A career in education has provided Jeremy with the flexibility he needs to invest in his passions and the flexibility to follow his dreams.

In July, he will be moving to Northern NSW to teach at Induna School within Acmena Youth Justice Centre, in South Grafton. Jeremy has wanted to make a move to fit his lifestyle, and now that he’s finished his degree, he can do what he loves in both his personal and professional life.

“The student population at Induna is predominantly Aboriginal and Torres Strait Islander, so hopefully they will have more to teach me. I like the idea of this job, and if it goes well, I'd love to continue doing it,” Jeremy says.

He’s very eager to begin embedding his learning from university into his own classroom and incorporate his passions into teaching in a way that resonates with students.

“I'm super passionate about incorporating Indigenous knowledge into teaching, and I think there should be much more of it,” Jeremy says.

“In Benny Wilson and David Spillman’s unit, ‘Ways of knowing being and doing’, we learned about “Engoori” – it’s a group agreement that the whole class comes up with together, with direction from the teacher,”

Instead of walking into a classroom with a list of rules that every person must abide by, it’s about each student telling their own story over the first few weeks of term. You learn a bit about each other – what might trigger somebody, or what might make someone upset, or what people need in an educational environment in order to maximise their learning.

“It's really effective in the classroom. I think it would take a lot of work to get it done, but I think that it would be great.”

Before he embarks on this next big step on his adventure, Jeremy has one item on his university to-do list – his graduation ceremony. Jeremy will be graduating in the Faculty of Education’s March ceremonies, just a day after his birthday, with all his family set to attend the occasion.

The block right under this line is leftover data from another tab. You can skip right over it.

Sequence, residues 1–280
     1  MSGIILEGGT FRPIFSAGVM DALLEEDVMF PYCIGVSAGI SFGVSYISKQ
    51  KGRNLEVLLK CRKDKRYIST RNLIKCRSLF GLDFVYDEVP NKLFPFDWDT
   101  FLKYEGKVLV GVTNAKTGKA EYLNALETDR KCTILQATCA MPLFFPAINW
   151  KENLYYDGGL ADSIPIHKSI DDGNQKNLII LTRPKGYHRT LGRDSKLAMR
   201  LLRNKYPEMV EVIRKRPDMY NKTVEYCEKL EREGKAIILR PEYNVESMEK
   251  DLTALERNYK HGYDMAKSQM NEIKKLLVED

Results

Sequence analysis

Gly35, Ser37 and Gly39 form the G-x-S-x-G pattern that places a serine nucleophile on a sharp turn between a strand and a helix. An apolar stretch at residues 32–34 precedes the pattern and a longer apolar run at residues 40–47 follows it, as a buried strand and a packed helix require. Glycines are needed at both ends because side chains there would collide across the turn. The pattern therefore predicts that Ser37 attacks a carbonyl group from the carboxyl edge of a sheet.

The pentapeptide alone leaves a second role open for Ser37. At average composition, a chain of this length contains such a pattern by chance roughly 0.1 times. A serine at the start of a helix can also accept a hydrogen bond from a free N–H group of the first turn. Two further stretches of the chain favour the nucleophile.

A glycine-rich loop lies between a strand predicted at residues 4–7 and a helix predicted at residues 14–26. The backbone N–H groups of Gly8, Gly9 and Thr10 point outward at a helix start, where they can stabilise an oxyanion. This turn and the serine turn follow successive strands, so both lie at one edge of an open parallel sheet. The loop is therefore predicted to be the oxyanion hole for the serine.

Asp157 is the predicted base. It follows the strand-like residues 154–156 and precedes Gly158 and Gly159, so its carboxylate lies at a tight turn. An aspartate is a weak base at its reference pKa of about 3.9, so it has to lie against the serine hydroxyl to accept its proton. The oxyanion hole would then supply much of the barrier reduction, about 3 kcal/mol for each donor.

“I’m really lucky. I grew up in a beautiful family with two older sisters, and my mum and dad are awesome,” Jeremy says.

“My grandparents really value education, so this is an important moment for them. My whole immediate family are now university-educated, which has made my grandparents really proud.”

In reflecting on his journey to becoming a fully-fledged teacher, it’s the people he’s met – from whom he’s had the opportunity to learn from and grow – that have potentially made the biggest impact.

From his tutors at UC, to his mentor teacher on placement, to the principal at the first school he worked at, to his own peers, many of whom have even become close friends, Jeremy feels lucky that he’s had the chance to learn from, and work alongside, so many amazing people in the education industry.

This March, the University of Canberra congratulates the graduating class of 2023.

We are so glad to celebrate this milestone with you. You have overcome challenges with grace and resilience, and grown in remarkable ways.

Many of you are already making an impact in your chosen fields, and others have embarked on their postgraduate study path – we look forward to seeing what you achieve in these next steps in your amazing journeys.